LIVE FROM THE HEADLINES
Interview with David Sobell, John Mica
Aired June 26, 2003 - 19:39 ET
THIS IS A RUSH TRANSCRIPT. THIS COPY MAY NOT BE IN ITS FINAL FORM AND MAY BE UPDATED.
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UNIDENTIFIED MALE: Hey!
UNIDENTIFIED MALE: Get him! He's got a gun!
UNIDENTIFIED MALE: Cut him off!
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ANDERSON COOPER, CNN ANCHOR: In the future, Arnold Schwarzenegger can be seen clearly as a transparent two-dimensional figure, at least to the movie "Total Recall." But some day soon, you, too, might have to do the virtual buck naked stroll thanks to new X- ray technology tested for airport security.
Now the question remains, are Americans, are we willing to let screeners see everything in the name of security?
We'll pursue the debate in a moment, but first, we wanted to see and I mean see the nuts and bolts on how this thing works. Peter Williamson joins us now, a sales security executive with Omnisystems, one of the companies that makes the scanners.
He's from California.
All right, Peter, lets get right to it.
How does this thing work?
UNIDENTIFIED MALE: Basically, the Security 1,000 Body Scanner by OSI Systems operates on back scatter technology where the human is scanned, the reflected items are bounced back on to a series of detectors, stored behind the front surface of the Secure 1,000 and then a digital image is produced of contraband hidden on the person's body.
COOPER: Can we see it?
UNIDENTIFIED MALE: I can show you right now if you like. What we'll do, for example, you have a carbon fiber knife which is not metallic. Typically not going to alarm or be detected via traditional security methods.
I'm going to ask Jerry to store it, hide it on his person, if you will. He simply talks up to the Secure 1000. Holds still. Push the scanning button. Scan the both and front takes six seconds approximately per scan. Operates on very low dosage X-ray energy. Now we're scanning the backside. And as you can see, virtually instantaneously, you do get a digital image of anything.
COOPER: Let's get a close look at the image.
How invasive is it?
What are we looking at here?
UNIDENTIFIED MALE: Well, what you're looking out is an outline of the body. It distorts the body so it's not recognizable in the future. Facial content is hidden entirely.
COOPER: You see the knife there?
UNIDENTIFIED MALE: No. What I can see looking at Jerry, a couple of pens and an American flag on the pocket. In here, he's got an object which I'm not 100 percent sure what it is, but something am certainly going to want to take a look at it. And it turns out to be basically a plastic shrouded box cutter. More importantly, stashed under the belt line or...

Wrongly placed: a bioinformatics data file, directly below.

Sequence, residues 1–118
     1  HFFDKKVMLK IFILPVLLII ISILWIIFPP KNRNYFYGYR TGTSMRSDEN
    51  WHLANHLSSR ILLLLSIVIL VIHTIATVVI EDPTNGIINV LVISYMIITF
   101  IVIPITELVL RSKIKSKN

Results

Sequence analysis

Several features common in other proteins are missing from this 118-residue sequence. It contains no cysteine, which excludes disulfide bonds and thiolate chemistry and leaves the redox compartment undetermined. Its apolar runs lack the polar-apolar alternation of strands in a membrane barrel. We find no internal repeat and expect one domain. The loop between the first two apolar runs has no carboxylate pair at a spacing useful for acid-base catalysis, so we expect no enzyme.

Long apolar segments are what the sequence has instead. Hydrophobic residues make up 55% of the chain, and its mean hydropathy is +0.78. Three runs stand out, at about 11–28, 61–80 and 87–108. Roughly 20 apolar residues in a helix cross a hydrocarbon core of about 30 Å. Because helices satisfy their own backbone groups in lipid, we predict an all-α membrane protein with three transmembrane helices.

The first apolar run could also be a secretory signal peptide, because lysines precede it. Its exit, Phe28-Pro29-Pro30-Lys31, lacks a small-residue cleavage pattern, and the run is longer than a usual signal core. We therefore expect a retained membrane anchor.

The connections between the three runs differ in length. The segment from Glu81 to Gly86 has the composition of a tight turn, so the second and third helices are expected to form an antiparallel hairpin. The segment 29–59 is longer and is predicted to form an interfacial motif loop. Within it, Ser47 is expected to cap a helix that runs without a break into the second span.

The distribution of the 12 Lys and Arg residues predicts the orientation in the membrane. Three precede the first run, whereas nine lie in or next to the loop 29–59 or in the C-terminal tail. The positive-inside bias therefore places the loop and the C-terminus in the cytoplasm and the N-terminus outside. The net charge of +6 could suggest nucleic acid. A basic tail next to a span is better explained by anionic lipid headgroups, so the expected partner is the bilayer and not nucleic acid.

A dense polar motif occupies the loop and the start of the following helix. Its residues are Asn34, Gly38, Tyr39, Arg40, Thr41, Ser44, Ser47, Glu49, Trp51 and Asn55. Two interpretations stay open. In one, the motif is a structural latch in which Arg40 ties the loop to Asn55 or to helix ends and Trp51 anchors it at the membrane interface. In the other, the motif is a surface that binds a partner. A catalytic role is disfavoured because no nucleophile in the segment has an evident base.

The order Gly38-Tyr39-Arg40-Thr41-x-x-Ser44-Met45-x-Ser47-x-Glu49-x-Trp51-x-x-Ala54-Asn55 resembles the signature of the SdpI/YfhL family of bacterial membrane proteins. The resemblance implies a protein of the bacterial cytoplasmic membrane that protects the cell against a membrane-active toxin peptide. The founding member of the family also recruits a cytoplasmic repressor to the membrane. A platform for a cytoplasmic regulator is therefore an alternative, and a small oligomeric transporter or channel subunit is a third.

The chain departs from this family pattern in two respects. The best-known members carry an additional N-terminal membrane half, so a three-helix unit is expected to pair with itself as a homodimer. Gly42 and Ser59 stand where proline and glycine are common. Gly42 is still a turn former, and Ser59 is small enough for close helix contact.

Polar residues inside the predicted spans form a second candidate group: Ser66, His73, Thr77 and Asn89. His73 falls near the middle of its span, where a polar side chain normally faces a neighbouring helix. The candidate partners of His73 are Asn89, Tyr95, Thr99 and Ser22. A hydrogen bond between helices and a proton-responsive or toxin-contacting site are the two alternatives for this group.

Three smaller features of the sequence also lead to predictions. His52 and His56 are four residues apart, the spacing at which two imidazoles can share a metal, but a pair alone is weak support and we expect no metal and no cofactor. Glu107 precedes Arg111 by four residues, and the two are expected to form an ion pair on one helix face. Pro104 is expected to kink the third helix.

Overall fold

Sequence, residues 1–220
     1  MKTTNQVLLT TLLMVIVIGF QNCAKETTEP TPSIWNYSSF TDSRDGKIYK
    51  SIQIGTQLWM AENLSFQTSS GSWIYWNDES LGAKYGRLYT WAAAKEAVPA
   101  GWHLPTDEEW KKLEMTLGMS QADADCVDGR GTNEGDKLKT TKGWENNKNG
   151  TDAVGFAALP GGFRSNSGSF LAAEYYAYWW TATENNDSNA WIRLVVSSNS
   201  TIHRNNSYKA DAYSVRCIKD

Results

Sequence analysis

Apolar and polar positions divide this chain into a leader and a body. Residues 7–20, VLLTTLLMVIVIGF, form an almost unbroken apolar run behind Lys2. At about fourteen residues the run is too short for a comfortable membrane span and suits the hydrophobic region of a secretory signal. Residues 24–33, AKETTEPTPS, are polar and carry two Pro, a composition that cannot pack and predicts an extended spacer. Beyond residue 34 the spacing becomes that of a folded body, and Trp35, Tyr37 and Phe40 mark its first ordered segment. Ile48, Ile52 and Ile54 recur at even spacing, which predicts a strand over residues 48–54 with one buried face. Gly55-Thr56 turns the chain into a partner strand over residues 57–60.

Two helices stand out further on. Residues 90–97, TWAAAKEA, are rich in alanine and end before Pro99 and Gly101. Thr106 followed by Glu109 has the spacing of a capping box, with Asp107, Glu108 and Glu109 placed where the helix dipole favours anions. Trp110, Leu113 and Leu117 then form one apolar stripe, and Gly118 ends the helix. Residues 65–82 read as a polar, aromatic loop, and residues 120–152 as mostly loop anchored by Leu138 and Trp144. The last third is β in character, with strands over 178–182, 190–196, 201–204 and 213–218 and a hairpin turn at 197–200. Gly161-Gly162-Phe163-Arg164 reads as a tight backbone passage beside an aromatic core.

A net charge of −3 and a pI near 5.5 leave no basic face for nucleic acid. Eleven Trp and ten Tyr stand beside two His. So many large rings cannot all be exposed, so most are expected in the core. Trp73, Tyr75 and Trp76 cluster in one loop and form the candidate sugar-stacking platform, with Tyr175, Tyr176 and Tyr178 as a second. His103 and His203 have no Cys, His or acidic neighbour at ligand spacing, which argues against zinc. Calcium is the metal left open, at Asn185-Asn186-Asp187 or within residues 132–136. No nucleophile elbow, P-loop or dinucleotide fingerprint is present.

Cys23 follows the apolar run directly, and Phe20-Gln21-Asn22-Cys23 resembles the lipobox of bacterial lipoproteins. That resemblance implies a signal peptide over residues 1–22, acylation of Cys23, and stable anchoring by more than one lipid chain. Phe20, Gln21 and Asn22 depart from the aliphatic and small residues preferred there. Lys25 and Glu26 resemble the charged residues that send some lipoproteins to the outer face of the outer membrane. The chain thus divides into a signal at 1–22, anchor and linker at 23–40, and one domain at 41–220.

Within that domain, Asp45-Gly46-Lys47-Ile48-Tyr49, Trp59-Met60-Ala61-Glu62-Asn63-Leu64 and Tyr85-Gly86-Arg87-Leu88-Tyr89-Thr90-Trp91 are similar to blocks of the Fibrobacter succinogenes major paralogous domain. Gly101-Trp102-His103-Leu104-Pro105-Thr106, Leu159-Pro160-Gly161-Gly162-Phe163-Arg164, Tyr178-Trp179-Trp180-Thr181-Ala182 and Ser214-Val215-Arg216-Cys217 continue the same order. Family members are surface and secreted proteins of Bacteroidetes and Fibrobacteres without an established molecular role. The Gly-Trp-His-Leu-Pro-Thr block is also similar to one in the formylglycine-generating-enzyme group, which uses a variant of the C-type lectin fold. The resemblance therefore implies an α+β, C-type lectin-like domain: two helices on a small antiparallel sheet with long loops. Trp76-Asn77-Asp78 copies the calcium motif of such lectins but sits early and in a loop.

COOPER: Lets go back to the video.
UNIDENTIFIED MALE: ... or the coin area.
COOPER: Go ahead.
UNIDENTIFIED MALE: You can clearly see something that doesn't belong in the image. And turns out it is a block of plastic explosive stimulant, in this case, C-4.
COOPER: Now if that was not...
UNIDENTIFIED MALE: Again...
COOPER: If that plastic explosive stimulant was not there, you would basically see his private parts?
UNIDENTIFIED MALE: You would see the outline of his body, yes.
UNIDENTIFIED MALE: Yes, now...
COOPER: What stage of development is this in?
UNIDENTIFIED MALE: The product is developed, been deployed. We have approximately 100 units out there in the marketplace right now operating at a variety of airports, prisons, border crossings, diamond and gold mines in some cases.
COOPER: And in the United States, similar device, I think in the Orlando Airport being tested right now?
Is that correct? UNIDENTIFIED MALE: No. Being tested in Orlando under the ASTC Advanced Check Point Technology Program. However, U.S. customs has been a customer of ours for past three and a half years. They have got approximately 18 units.
COOPER: OK. Peter Williamson, I appreciate you showing us how the technology works, thanks very much.
Of course, the better this new technology works, the more raises questions about whether it should be used at all. Now since September 11, the familiar question of how much security is worth the sacrifice of how much privacy?
There is still no consensus. Take a look at this.
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UNIDENTIFIED FEMALE: It seems very invasive. I'm not comfortable with it as a woman.
UNIDENTIFIED MALE: People that are looking at X-ray are not going to see me again.
UNIDENTIFIED FEMALE: It's not going to bother me a bit, because I imagine we're all about the same. All the women anyway.
UNIDENTIFIED MALE: Some things should be left alone. Blur some of it out.
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COOPER: Joining us from Washington, David Sobell, general council for Election Privacy Information Center and we have Florida Congressman John Mica, who chairs the Transportation and Infrastructure Committee.